It takes a delicate balancing act to match our human rights stance with regional sensitivities, Michelle Grattan writes.
THE imminent hanging - barring a miracle - of the young Australian Nguyen Tuong Van is a horrible and sad human tragedy. But it's more than that.It's the latest example of how capital punishment and lesser-but-excessive sentences for drug crimes in Asia are becoming a serious complication for Australia in its dealings with the region.
The extreme and automatic penalty imposed on Nguyen - for trafficking heroin which he said was to pay for his twin brother's debts - is a jolting reminder of the appalling disregard for human rights in some of our neighbours who are also our friends.
The Schapelle Corby case, fanned by an often feral media, stirred up a lot of negative feeling in this country against Indonesia.While Corby is to serve an inordinately long sentence, it's been clear for some time that Nguyen almost certainly would be executed.
The Howard Government made strong representations, but to no effect.The case highlights, in the starkest terms, the gulf in values between Australia and some of these countries.AdvertisementAdvertisementOf course Australia, too, once had the death penalty (though only for the most serious crime) and in opinion polls many Australians still favour it. But the decision-makers crossed an important moral line and there will be no going back.
Singapore's attitude is barbaric, pure and simple. The report last week of the 73-year-old Singapore executioner, who has put to death more than 850 people and hanged 18 men in one day, was a chilling indictment of an approach to human life that it's hard to believe can exist in a country that's in some ways a model of modernisation.
The Nguyen case is sparking calls that Australia should mount a broad and vigorous international push against the death penalty for such cases.Philip Alston, chief adviser on the death penalty to the United Nations Commission on Human Rights, has accused the Australian Government of inconsistency.Alston (brother of former minister Richard) said on Friday that Australia was willing to speak out when international standards on policing terrorism were not met, but did not fight for changes to these mandatory death penalties in drug cases that breach "international legal requirements".
It comes back to choices Australia periodically faces in regional relations. As one Government source puts it: "Asians do some things we wouldn't do. If Australia wants to be the moral policeman, it will be a lonely position."Yet not to do it sees Australia making representations for its own people - that inevitably looks to the region like special pleading, which it is - while dodging the issue of wider human rights abuses.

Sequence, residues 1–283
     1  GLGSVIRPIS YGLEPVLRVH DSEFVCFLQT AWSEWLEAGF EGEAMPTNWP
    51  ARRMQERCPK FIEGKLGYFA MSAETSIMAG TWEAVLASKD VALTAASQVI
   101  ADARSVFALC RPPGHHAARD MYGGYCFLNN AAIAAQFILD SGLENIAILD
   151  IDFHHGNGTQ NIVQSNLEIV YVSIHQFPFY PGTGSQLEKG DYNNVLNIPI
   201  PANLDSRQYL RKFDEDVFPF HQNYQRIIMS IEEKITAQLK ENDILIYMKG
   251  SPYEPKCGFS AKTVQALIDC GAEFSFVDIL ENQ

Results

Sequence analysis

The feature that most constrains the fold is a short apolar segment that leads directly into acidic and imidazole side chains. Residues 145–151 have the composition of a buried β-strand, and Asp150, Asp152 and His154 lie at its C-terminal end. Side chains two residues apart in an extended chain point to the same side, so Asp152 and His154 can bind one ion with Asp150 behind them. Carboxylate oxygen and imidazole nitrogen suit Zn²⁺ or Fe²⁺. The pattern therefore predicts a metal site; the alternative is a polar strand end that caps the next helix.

Howard is not absolutist on capital punishment, although he opposes it for Australia and Australians abroad.Australia's position is that it has no objection to a death penalty for the Bali bombers, which is a mixture of acceptance of Indonesia's sovereignty and a stand of domestic political convenience.After the Nguyen case, the Bali nine drug runners present another nightmare prospect.
If several Australians were sentenced to death there would be a huge domestic outcry (although the feeling is those sentences probably wouldn't be carried out).The Government would be caught between having to apply the maximum pressure while knowing that could be counterproductive, perhaps to the fate of the individuals as well as the wider relationship between the two countries.
The adherence of Indonesia to the death penalty for drug crimes complicates bilateral dealings even short of someone being sentenced.Under Australian law, police can assist overseas authorities in cases up to the point where someone is charged with a crime carrying the death penalty (when help can be given only under strict protocols and to advantage the defendant).
Australian Federal Police is now under sharp criticism for helping its Indonesian counterparts apprehend the Bali nine before they left Indonesia when they could have picked them up after they got off the plane in Australia.Yet for police not to co-operate with their counterparts overseas could prejudice the fight against crime and jeopardise wider co-operative arrangements.
Of course, for Australia and Australians, these problems would not arise if people absorbed the message that there is no mercy for drug offenders in these countries. If any shred of something positive is to come out of recent cases, it can only be that surely they must reinforce this.In the final stages of the Nguyen story, the Prime Minister is under pressure to up the ante. Nguyen's lawyer, Lex Lasry, on Friday urged him to make a "clear statement"."
The Singapore Government would listen carefully if our Prime Minister would say that as a human being and Prime Minister, he did not want this Australian citizen executed," Lasry said.If only it were so. The evidence, however, suggests Singapore is morally deaf and politically immutable on this issue.
30 Oct 2005
Australian reporter condemns Singapore's tough stance
Posted by pleinelune at 10/30/2005 07:57:00 pm